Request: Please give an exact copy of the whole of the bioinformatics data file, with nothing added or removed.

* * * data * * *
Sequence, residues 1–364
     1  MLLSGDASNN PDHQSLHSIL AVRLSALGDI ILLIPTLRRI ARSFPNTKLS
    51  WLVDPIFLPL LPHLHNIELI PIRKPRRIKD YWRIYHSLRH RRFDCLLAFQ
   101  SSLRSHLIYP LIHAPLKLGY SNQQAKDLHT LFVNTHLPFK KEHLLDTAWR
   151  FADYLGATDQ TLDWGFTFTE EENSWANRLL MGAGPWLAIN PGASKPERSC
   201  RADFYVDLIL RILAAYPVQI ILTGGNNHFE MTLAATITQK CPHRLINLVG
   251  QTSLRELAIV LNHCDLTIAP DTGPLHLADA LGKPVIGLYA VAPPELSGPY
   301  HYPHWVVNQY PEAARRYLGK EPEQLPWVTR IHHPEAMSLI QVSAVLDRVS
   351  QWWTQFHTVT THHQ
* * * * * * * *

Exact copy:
Sequence, residues 1–364
     1  MLLSGDASNN PDHQSLHSIL AVRLSALGDI ILLIPTLRRI ARSFPNTKLS
    51  WLVDPIFLPL LPHLHNIELI PIRKPRRIKD YWRIYHSLRH RRFDCLLAFQ
   101  SSLRSHLIYP LIHAPLKLGY SNQQAKDLHT LFVNTHLPFK KEHLLDTAWR
   151  FADYLGATDQ TLDWGFTFTE EENSWANRLL MGAGPWLAIN PGASKPERSC
   201  RADFYVDLIL RILAAYPVQI ILTGGNNHFE MTLAATITQK CPHRLINLVG
   251  QTSLRELAIV LNHCDLTIAP DTGPLHLADA LGKPVIGLYA VAPPELSGPY
   301  HYPHWVVNQY PEAARRYLGK EPEQLPWVTR IHHPEAMSLI QVSAVLDRVS
   351  QWWTQFHTVT THHQ